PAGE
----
I paid Paul and spoke with him about the work. The airplane pre-flighted good, so I jumped in and fired up. Holding short of 27, I did the run-up and found that the left electro-air ‘mag’ was not firing at all. Zip. Nada. Paul took a look, checked a few readings, and declared it good. I taxied back out and the same thing happened again. Now I was in Cheswold without a ride. My head hurt thinking about what I’d spent on this mag replacement to have it sit there dead.

Paul was convinced my old toggle switches were just that – too old to be reliable. It didn’t help much that this particular switch had been shorted when he hadn’t tightened it down all the way during the early test flights. The thin silver lining is that these issues do emphasize the modes of failure I might encounter, making me a better pilot in the end.

Paul loaned me his car and promised to come back Sunday to work on it. That’d mean I’d have to arrange a ride back then; work all day Monday; but have plenty of time to get the airplane packed and fueled for the flight Tuesday. The Sunday work turned into Monday, so I knew I’d be working all day before the flight, flying late evening for the post-maintenance, and then flying all the next day. Whatever fat I had in the schedule had evaporated.

Monday evening: I finished working an Astra initial class and drove Paul’s car back to Cheswold and my airplane. I paid Paul and another quality A&P to completely troubleshoot the Electro-Air system and ensure nothing was amiss. I’d be far away from home and didn’t want any complications I could avoid. Everything checked good, so I paid the bill and did the run-up, half expecting the mag to not light up again.

The run-up was fine, and I flew back north to my hangar. Arriving home around 8pm, I ate a late dinner, organized my gear, and called it an early night.

Tuesday morning I start out late, only to be blocked by a train at 6am. I’ve never seen a train before at this hour, and it wasn’t moving. After waiting about 5 minutes, I did a u-turn and took a longer, alternate route.

Arriving at the hangar, I pulled the airplane out and packed it up nicely. Pulling the car into the hangar, I reached for my phone to ensure I’d received the latest expected routing. My hand found no phone clip and no phone. It was sitting on my dresser at home. No question now – I’d be delayed an hour. Do I leave the airplane sitting out and the hangar door open, or do this properly and put it back in the hangar for the round trip home. Keep it professional and safe – I put the airplane back into the hangar, but left the door open. It’d be fine until I returned.

Phone in hand – I am on the return trip back to the airport. I’m not speeding and not pressuring myself to rush. That is a very good thing, because for the first time ever – there is a very large and very slow farm vehicle blocking the entire road. The car in front of me is losing his mind behind it, and decides to go for a pass on a curve. He ends up on the opposite shoulder when oncoming traffic surprises him, which is a sign for me to RELAX.  I do just that.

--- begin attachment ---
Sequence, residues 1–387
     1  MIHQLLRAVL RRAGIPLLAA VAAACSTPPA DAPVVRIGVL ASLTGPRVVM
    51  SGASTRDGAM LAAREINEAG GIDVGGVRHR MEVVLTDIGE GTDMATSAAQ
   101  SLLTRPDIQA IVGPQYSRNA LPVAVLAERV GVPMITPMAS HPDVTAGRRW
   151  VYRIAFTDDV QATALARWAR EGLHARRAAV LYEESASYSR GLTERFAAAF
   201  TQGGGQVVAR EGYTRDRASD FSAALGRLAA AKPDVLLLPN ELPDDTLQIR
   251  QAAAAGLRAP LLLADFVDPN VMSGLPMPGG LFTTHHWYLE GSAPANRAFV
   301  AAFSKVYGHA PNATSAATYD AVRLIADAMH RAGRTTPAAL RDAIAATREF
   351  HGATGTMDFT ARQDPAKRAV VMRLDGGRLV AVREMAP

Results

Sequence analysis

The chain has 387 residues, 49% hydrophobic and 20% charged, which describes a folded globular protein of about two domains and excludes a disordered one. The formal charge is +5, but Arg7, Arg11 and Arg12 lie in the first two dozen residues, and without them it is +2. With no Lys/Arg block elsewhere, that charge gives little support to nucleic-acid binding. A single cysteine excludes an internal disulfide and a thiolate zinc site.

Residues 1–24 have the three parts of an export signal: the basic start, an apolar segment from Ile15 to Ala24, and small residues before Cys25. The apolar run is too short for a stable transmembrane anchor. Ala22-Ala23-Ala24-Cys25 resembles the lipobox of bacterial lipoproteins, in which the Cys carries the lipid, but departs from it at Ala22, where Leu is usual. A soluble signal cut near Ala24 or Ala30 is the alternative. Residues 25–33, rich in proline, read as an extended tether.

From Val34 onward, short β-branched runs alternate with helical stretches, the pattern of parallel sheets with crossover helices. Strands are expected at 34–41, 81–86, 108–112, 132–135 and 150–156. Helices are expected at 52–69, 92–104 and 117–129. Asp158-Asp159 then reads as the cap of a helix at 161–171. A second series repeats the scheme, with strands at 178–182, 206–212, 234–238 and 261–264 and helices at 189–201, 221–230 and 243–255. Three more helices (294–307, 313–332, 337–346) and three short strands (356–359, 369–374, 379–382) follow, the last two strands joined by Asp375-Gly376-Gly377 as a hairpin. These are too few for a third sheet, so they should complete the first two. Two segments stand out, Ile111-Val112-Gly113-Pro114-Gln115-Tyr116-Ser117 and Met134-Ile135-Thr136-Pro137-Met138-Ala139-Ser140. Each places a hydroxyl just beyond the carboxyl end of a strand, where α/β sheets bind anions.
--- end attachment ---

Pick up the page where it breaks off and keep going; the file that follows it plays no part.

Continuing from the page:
The car is in the hangar now and the hangar is secure. I taxi out to pick up my clearance from ground, since they are open now because I’m delayed. This will be a full route clearance, in the opposite direction I had asked for – north around DC. I launch and talk to Philly, and he sends me south. On the second vector further south I tell him that this makes no sense according to the clearance I’d received. Turns out he still had my original clearance, so he turned me back north again. Wasted fuel. Wasted time. I am surprisingly not flustered yet.

The hits just keep on coming as I realize that the 2 to 3 knot predicted headwinds are going to be 20-35 mph on the nose all day long. I’m also giving away another 8 knots to test LOP, so this is going to be a long trip. LOP is turning out the be an incredible performance booster, so I’m ok with not getting max speed today.

The last roadblock I recorded was due to equipment complications. I was in IMC diverting around storms along the route with 1″ hail. Scanning the panel I noted that the CDI had a 1/2 dot deflection with the autopilot following LNAV. That never happens unless something is not working right. It turns out that my vacuum AI (drives the autopilot) had badly precessed in flight.

Report? Don’t report? I disconnected it in flight and flew by hand for awhile to consider my options. The device righted itself, and I reengaged the autopilot with a vigilant scan for the rest of the trip. It would be overhauled either in Dallas or when I got home – depending.

Further complicating this AI issue when I got to Dallas was a new AD that had come out on the Aspen. If you have version 2.10 or 2.10.1 of the software, and you have no analog backup, you are grounded. That’d be me in this circumstance. Lucky I had version 2.9 installed.

Harrison Aviation is taking great care of me down here. I keep the airplane in a hangar and the airport is well suited for my needs.

I’ll be doing a return flight blog as a companion to the video I just completed, so you can look for that if you have read this far.

Fly safe!

Frank